Employees are undisputedly the core of an organisation’s success. A happy employee will do all they can to contribute to your business’s growth and success, whereas an unhappy one probably couldn’t care less. It’s important therefore to structure an organisation in a way where employees not only feel valued, but motivated to continually give their all. Career and leadership coach Andrea Martin brings to the table 12 years of strategy and operational leadership experience. Having led a series of high-profile operations to the tune of over $2 billion, she combines her passion for leadership, ability to foster high performing teams with career and peak performance coaching to deliver next level results for her clients.
Now focused on creating an impact at the top of the organization, Andrea believes that if C-level and senior leadership are marching to the same tune, their workforce will operate with purpose and extreme loyalty. Below she outlines the top three key factors to drive this.
Create an Intentional Culture
If you were to ask your employees to describe your organisation’s culture in five words, what would they say? Would these descriptions be consistent across the board? It’s an exercise worth trying, both to see whether you have promoted the culture you wish and to gauge how employees truly feel about it.
Workplace culture is vitally important because it actively promotes employee engagement, happiness, productivity, retention rate, positive recruitment efforts and so much more. After all, employees who enjoy coming to work will always go above and beyond for an organisation, as opposed to those who cannot wait to clock out and do the bare minimum until they are free to do so.
To create an intentional culture, think about the core values of your organisation. Are these merely words on your website, or does your workplace’s ‘personality’ actively reflect these?
Just as with any relationship, the importance of trust between employer and employee is a big one. Simply put, trust means confidence. Do you have confidence in your employees? Do your employees have complete confidence in you?
Trust in the workplace needs to go both ways. Aside from increasing teamwork and collaboration, trust is very important in building morale and asserting loyalty. Employees need to be able to trust that their work will speak for themselves, and that they can readily approach management or other co-workers when any issues arise.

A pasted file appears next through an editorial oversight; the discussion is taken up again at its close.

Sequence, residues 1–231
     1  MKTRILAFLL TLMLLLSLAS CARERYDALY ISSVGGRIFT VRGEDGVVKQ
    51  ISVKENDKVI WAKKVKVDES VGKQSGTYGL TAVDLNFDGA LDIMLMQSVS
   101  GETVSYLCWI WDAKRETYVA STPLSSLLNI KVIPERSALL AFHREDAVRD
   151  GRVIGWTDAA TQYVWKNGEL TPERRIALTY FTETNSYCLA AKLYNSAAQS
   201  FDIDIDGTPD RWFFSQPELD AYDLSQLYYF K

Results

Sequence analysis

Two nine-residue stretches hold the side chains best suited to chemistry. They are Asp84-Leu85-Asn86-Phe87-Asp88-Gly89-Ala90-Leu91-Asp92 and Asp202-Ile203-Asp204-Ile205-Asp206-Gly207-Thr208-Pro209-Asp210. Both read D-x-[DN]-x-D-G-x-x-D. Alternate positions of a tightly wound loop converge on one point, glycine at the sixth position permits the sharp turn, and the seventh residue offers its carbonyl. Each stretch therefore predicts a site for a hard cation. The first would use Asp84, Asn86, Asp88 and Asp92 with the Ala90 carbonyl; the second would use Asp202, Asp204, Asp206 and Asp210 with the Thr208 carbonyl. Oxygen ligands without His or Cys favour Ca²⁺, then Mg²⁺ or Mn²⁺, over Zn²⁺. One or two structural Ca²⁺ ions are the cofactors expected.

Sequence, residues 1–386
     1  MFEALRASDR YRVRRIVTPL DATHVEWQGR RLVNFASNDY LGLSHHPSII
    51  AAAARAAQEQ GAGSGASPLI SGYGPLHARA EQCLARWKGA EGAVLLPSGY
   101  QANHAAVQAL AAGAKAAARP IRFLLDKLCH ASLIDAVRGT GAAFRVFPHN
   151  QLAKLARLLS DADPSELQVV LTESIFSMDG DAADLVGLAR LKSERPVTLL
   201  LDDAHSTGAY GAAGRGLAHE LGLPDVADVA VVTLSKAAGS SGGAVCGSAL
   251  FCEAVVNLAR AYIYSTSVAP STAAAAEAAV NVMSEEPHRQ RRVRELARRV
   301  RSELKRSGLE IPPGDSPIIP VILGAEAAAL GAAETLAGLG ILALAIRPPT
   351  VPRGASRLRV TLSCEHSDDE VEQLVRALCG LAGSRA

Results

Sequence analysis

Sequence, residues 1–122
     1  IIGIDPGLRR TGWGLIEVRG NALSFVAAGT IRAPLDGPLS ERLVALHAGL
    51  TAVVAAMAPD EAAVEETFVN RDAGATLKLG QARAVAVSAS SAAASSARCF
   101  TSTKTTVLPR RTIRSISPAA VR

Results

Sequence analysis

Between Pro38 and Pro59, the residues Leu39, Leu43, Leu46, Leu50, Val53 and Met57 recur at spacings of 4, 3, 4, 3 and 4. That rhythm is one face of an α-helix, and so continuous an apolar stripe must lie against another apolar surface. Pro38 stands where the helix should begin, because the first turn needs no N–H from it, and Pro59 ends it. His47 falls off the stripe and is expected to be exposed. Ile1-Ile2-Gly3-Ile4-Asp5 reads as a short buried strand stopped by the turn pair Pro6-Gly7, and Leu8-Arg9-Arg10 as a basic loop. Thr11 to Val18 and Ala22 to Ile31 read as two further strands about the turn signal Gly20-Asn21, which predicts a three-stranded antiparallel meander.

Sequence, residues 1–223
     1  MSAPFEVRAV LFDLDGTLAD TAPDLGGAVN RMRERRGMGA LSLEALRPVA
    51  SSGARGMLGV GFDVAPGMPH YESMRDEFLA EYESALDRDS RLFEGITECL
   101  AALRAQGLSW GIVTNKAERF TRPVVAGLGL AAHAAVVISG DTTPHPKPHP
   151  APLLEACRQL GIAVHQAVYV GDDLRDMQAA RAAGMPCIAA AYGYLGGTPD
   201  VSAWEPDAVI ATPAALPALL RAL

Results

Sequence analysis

To create a more trustworthy workplace, implement regular one-on-one feedback sessions with employees, giving them praise where it is due, and help them strategize ways they can improve. Similarly implementing honest feedback sessions about the organisation is a great way for both employees to feel heard, and for you to see where the organisation can better accommodate their needs.
Acknowledge That Times Are Changing
Unfortunately, society has an ingrained thought that change in an organisation is a bad thing. Change can certainly be daunting, and it can also be scary as it removes us from our comfort zone. But change in the workplace is a good thing!
What many organisations fail to do is explain to their employees why changes are being implemented. Helping them to understand why such changes are needed dissuades feelings of resentment toward change, especially if said changes will help them in the long run.
Similarly, organisations need to be open to changes as asked for by employees. This doesn’t mean every request needs to be accommodated, but employers need to carefully consider requests for organisational change, especially when coming from multiple employees.
For example, many people are starting to place more importance on work/life balance. Prior to the pandemic, many organisations were resistant to allowing employees work from home, fearing it would disrupt business systems and productivity. What they have come to realise however is that technological advancements have made it possible for business to operate as usual, and many in-person meetings can be saved through emails.
Another change or organisations to consider is that the current workforce does not want to settle for status quo. Many employees have multiple passions, and by creating a space that allows them to pursue those while focusing on a bigger goal will create loyalty, satisfaction and, overall, a more positive working environment.
Each day organisations are realising that their success comes down to those they employ. By creating an atmosphere of trust, support and intention, organisations are guaranteed to boost employee morale and productivity, and achieve untapped business growth.
Be sure to follow Andrea Martin on Instagram @mrs.andrea.martin for more advice on this topic.